STEP 5: Select the file format or "extension" that suits your needs.
STEP 6: Change the name of the file or the location of the file if desired.
STEP 7: "Save." This should have converted your file and the .JPEG version should be available in the location you selected.
What is a file type?
A file type is a standard way of storing information on a computer so it can be read or displayed by a program. You can usually figure out the file type by looking at the last three letters of the file name. These letters are referred to as the file name extension. Different programs use different extensions when saving files.
What are common file types for pictures?
Common graphics file types include JPEG (.jpg), TIFF (.tif), and bitmap (.bmp). In addition, some digital cameras can save pictures in RAW format, which is uncompressed and has not had effects like white balance or sharpening applied.
Which file type should I use?
Most of the time, JPEG (.jpg) is the best file type, since it creates high-quality pictures with small file sizes by compressing the data. It’s great for storing and sharing your pictures. If you need a very high level of visual quality (for example, if you’re printing 8-by-10-inch enlargements), you should save in TIFF (.tif) format or save your JPEG picture at the very lowest compression level available.
What are the advantages and disadvantages of common picture file types?
What about GIF, bitmap, PNG, RAW, and other file types?
You’ll rarely need to use a file type other than JPEG or TIFF. The bitmap format (.bmp) is an older standard that creates needlessly large files. This wastes disk space and makes it difficult to send these pictures in e-mail. GIF and PNG are commonly used on webpages, but you’ll find that JPEG works just as well. RAW files, on the other hand, can be created by many digital cameras as a high-quality alternative to JPEG. Many professional photographers choose to work with RAW files because it results in the best possible picture quality.
Should I be concerned about the loss of visual quality when I save in JPEG format?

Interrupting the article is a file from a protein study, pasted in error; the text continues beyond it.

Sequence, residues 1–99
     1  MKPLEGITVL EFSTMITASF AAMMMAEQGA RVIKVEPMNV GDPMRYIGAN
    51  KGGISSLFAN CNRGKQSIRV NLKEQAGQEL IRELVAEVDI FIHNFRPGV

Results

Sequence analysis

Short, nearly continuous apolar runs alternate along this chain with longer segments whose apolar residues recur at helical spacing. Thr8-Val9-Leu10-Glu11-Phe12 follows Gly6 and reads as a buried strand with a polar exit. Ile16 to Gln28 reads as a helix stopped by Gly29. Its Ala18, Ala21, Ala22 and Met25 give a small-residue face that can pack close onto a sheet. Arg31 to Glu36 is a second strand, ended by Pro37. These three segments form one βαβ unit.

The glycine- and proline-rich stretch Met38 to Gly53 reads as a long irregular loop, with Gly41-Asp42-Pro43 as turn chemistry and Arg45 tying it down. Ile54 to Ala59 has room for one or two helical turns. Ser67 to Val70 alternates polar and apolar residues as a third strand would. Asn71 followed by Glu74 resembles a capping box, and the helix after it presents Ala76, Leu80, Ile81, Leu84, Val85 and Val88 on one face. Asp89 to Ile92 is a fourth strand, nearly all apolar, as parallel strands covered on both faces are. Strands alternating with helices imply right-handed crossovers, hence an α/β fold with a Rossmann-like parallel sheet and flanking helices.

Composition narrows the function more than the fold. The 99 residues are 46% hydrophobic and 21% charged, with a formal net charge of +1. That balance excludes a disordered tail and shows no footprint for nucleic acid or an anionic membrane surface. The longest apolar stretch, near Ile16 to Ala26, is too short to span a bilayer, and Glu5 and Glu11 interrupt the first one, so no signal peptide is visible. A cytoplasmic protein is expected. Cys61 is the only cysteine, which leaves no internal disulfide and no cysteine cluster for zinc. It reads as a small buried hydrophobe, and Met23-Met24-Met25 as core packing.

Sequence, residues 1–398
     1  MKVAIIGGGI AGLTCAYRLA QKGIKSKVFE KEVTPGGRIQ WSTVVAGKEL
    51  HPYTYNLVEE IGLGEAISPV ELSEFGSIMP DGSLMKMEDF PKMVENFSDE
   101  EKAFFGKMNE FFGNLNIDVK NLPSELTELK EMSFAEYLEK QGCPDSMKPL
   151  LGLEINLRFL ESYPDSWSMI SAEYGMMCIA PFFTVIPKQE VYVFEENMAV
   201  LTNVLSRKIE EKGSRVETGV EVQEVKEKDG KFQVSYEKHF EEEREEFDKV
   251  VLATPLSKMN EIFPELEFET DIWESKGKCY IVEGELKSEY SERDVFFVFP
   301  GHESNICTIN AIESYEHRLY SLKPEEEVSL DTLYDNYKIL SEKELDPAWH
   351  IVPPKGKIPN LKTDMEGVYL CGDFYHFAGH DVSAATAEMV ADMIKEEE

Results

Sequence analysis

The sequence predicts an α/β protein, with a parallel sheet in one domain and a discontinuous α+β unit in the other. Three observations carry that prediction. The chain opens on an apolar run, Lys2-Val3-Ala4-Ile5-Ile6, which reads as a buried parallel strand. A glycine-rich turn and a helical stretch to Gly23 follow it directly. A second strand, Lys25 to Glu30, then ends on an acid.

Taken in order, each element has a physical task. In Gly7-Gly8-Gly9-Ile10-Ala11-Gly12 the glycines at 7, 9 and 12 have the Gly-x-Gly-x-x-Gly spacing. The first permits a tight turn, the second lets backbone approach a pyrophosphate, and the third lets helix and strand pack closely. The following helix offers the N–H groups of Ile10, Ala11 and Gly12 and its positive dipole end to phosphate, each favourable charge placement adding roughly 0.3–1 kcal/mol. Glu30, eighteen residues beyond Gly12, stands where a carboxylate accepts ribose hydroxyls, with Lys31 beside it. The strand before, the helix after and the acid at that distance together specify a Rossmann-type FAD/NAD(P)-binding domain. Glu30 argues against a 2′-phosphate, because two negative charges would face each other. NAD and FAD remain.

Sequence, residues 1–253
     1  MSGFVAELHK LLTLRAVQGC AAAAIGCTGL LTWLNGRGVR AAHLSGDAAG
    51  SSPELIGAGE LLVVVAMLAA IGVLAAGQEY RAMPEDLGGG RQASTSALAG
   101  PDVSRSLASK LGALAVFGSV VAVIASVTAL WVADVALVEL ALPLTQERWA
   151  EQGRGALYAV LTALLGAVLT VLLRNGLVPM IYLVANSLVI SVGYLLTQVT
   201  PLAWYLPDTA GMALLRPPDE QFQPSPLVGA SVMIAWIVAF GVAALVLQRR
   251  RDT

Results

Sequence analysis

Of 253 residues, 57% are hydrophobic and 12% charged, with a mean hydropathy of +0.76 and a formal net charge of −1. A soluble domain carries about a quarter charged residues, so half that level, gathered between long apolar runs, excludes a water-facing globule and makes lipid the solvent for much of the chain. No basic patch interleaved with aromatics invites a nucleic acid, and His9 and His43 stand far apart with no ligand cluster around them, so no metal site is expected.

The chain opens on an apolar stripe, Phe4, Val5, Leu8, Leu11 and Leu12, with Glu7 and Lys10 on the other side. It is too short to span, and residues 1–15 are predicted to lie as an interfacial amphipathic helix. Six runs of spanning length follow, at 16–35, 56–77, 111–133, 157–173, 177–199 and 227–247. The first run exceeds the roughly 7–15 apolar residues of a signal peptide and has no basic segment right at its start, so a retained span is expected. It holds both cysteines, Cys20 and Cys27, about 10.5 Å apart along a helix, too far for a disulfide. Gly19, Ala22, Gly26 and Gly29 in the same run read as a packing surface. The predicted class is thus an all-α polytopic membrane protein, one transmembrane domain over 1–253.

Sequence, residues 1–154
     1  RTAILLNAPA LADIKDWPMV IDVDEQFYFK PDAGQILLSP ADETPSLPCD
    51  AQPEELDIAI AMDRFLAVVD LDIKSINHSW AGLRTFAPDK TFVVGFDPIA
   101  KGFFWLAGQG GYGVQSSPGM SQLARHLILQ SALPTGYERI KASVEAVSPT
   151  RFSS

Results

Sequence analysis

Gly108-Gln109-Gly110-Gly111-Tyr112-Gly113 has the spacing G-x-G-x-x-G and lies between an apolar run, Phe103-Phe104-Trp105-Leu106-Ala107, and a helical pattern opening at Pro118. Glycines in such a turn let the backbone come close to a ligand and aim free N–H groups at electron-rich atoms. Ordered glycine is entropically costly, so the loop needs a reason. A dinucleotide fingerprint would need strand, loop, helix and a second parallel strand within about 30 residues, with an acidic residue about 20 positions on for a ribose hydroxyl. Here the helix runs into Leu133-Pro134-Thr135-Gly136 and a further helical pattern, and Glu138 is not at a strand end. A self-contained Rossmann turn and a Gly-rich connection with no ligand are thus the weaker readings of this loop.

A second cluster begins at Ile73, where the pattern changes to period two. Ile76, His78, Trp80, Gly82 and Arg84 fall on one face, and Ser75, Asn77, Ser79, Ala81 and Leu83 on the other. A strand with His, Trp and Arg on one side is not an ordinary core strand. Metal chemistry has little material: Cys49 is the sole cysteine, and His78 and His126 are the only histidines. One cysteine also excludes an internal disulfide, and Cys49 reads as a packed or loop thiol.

JPEG pictures are an imperfect copy of the original image displayed in the camera’s viewfinder. If you take pictures at your camera’s highest quality level, however, it can be hard to tell the difference. Every time you resave a picture in JPEG format, the visual quality is reduced slightly, as if you are making a photocopy of a photocopy. How much quality is lost depends upon how much the image has been compressed. Usually, this reduction in quality is difficult to see, but if you repeatedly make changes to the same picture and save it with an intermediate quality level, you might eventually notice a loss of sharpness and color accuracy. For the absolute best visual quality, save your JPEG pictures at the highest possible quality level or work in TIFF format.
A JPEG picture saved at high quality (left) and low quality (right)
’How do I change a pictures file type?
You can save a copy of your picture as a TIFF, JPEG, or another file type by using Paint.
Images are an asset to any published book if appropriate. This means that all published books do not necessarily need images, and this page is created to help you to decide if you want photos or not, and if you do, how to insert them into your manuscript. Inserting photos is not a hard thing to do. As a matter of fact, most document software programs such as Word Document or Open Office provides an easy way to insert images into your manuscript. They provide a menu with options to guide you in inserting your images and manipulate the size, the color or even the quality of the image.
Should my manuscript/book include images?
The logical answer is IT'S UP TO YOU. That's right. This is YOUR book, YOUR baby and YOUR decision on how it looks and reads. There are some not-so-legal rules to which type of books should include images such as:
How do I insert images into my document?
Different software have different methods to insert images into documents. Visit the "help" link that is included in the software that you are using. We have a quick tutorial for you if you are using Word Document. You can find that tutorial here.
Our packages allow anywhere between 30 to 70 Interior black & white graphics, images & tables. There is no additional charge for black & white images, but there is a charge for colored images.
How much does it cost to add a colored image to a page in my book?